In a nationwide mass vaccination campaign, Pfizer-BioNTech’s BNT162b2 mRNA vaccine was found to be effective in preventing a wide variety of COVID-19-related outcomes. These results were published in the New England Journal of Medicine.
For this study, data from Clalit Health Services covering 53% of the population in Israel were analyzed. Vaccinated persons (n = 596,618) over the age of 16 who had not tested positive for SARS-CoV-2 were compared in a ratio of 1: 1 with a non-vaccinated person according to age, gender and geographic location. Study results included documented SARS-CoV-2 infections, symptomatic COVID-19, COVID-19-related hospitalizations, serious illness and death.
The study population was on average 45 years old (interquartile range) [IQR], 35-62), 50% were men and 56.7% had no COVID-19 risk criteria.
On day 15 after vaccination, 10,561 (0.6 per 1000 person-days) COVID-19 infections were documented. Among the infections, 5,995 were symptomatic, 369 patients were hospitalized and 41 died.
Between days 14 and 20, the data shows the vaccine was effective on:
- Prevention of documented infection with SARS-CoV-2: 46% (95% CI, 40% -51%)
- Prevention of symptomatic COVID-19 infection: 57% (95% CI, 50-63%)
- Prevention of COVID-19-related hospital stays: 75% (95% CI, 56-86%)
- Major Disease Prevention: 62% (95% CI, 39-80%)
- Prevention of COVID-19-related mortality: 72% (95% CI, 19-100%)
After the second dose, the vaccine was observed to be 92% effective (95% CI, 88% -95%) in preventing documented infection.
After 2 doses, the vaccine was estimated to be at least 90% effective in preventing documented infection in all subgroups, with the exception of those with at least 3 concurrent conditions (86%; 95% CI, 72% -95%). Similarly, the vaccine was estimated to be at least 90% effective in preventing symptomatic infection in all subgroups, with the exception of those with at least 3 concurrent conditions (89%; 95% CI, 68% -98%) and men (88%; 95% CI, 71% -98%).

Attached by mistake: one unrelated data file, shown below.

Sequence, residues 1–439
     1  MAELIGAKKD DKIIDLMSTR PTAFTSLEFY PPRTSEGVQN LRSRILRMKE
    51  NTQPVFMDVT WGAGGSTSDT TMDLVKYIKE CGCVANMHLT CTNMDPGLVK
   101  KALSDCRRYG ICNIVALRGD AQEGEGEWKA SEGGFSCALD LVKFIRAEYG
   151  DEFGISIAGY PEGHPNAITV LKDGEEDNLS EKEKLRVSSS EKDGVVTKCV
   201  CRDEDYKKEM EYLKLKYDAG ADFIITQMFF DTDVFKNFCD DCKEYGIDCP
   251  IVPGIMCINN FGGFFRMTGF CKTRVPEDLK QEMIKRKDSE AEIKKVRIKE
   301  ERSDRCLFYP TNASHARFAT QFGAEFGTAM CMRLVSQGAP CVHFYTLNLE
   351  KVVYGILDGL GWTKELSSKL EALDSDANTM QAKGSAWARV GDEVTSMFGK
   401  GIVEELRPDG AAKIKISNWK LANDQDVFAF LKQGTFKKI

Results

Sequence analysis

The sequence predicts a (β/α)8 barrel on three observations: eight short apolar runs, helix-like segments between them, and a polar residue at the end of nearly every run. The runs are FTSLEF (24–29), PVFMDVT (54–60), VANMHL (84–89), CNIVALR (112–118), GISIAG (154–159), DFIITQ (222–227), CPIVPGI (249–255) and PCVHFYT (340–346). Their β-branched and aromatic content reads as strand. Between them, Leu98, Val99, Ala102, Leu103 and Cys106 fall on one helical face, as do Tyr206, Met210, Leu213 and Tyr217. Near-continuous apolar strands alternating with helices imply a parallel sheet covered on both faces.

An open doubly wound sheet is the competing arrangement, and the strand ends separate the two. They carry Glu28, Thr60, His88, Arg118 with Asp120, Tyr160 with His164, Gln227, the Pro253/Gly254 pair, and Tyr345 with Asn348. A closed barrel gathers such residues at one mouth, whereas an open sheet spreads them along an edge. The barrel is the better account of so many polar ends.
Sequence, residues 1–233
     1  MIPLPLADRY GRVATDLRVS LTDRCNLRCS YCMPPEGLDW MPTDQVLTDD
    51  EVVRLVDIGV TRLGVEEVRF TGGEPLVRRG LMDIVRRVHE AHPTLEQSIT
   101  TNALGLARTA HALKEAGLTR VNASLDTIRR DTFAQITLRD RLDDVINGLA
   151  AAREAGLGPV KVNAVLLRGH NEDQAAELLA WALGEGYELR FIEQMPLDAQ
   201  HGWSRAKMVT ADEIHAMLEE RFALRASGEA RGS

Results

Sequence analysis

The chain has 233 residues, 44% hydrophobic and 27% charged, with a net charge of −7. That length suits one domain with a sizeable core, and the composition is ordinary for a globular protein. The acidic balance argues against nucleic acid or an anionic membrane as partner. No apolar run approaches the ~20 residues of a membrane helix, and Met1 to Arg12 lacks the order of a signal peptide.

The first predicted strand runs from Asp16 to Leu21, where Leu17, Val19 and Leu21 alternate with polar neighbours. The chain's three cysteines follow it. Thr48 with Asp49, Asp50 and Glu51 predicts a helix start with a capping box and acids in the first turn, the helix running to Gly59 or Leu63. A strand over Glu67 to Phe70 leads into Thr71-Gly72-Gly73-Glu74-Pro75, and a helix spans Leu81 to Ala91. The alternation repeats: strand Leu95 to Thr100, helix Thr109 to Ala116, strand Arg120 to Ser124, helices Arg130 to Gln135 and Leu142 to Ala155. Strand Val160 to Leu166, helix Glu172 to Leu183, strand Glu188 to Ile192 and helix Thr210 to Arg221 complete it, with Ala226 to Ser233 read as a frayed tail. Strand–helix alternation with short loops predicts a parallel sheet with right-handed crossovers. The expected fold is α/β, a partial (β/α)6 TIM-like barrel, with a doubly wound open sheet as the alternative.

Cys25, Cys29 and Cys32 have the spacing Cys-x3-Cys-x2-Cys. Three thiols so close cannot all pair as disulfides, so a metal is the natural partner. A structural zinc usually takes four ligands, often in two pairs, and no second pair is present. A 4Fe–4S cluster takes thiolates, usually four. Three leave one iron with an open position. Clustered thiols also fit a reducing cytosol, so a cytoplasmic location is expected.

It was estimated that vaccination was effective in preventing asymptomatic infection by 29% (95% CI, 17% -39%) after the first dose and 90% (95% CI, 83% -94%) after the second.
This study may have contained some selection bias as it was difficult to compare older people with an unvaccinated comparator, so they were removed from the study.
These data showed that the BNT162b2 vaccine was highly effective in preventing COVID-19-related outcomes in a real-life vaccination program.
Disclosure: Several authors have declared their affiliations with the industry. For a full list of details, see the original article.
Dagan N., Barda N., Kepten E. et al. BNT162b2 mRNA COVID-19 vaccine in a statewide mass vaccination environment. N Engl J Med. Published online February 24, 2021. doi: 10.1056 / NEJMoa2101765.
This article originally appeared on Infectious Disease Advisor